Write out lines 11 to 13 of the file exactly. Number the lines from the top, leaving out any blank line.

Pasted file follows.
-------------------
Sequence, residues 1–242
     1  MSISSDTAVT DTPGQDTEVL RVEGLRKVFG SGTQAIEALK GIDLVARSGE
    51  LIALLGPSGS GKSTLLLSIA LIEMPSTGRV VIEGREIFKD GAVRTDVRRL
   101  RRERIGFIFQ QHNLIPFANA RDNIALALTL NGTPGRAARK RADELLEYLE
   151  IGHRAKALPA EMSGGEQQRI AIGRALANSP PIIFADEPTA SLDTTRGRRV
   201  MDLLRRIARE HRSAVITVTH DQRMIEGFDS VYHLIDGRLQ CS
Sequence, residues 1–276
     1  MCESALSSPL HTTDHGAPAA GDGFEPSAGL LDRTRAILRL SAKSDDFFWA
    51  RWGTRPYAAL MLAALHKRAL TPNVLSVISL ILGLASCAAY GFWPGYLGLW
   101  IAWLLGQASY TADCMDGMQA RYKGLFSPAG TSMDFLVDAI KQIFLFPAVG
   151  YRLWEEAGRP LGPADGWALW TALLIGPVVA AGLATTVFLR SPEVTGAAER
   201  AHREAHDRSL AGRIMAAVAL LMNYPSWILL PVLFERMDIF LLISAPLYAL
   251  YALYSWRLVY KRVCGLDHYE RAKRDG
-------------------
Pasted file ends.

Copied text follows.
   151  YRLWEEAGRP LGPADGWALW TALLIGPVVA AGLATTVFLR SPEVTGAAER
   201  AHREAHDRSL AGRIMAAVAL LMNYPSWILL PVLFERMDIF LLISAPLYAL
   251  YALYSWRLVY KRVCGLDHYE RAKRDG